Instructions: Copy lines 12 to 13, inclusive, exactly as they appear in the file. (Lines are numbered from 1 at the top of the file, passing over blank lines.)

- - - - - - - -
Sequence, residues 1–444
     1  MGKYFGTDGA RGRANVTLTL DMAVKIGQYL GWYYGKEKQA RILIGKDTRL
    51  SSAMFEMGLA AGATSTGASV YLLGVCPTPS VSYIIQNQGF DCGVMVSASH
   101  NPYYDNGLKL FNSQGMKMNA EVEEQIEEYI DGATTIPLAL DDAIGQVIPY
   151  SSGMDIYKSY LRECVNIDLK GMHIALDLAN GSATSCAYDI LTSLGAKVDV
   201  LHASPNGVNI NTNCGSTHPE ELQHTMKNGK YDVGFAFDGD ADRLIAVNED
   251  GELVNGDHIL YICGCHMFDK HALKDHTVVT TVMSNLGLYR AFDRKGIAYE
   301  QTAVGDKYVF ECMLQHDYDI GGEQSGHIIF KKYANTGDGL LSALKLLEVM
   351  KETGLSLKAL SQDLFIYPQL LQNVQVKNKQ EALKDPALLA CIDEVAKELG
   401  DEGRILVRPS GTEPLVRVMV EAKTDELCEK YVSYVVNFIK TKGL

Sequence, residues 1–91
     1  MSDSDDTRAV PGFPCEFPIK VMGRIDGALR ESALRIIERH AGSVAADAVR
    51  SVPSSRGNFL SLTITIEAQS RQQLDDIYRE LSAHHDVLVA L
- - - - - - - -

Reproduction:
     1  MSDSDDTRAV PGFPCEFPIK VMGRIDGALR ESALRIIERH AGSVAADAVR
    51  SVPSSRGNFL SLTITIEAQS RQQLDDIYRE LSAHHDVLVA L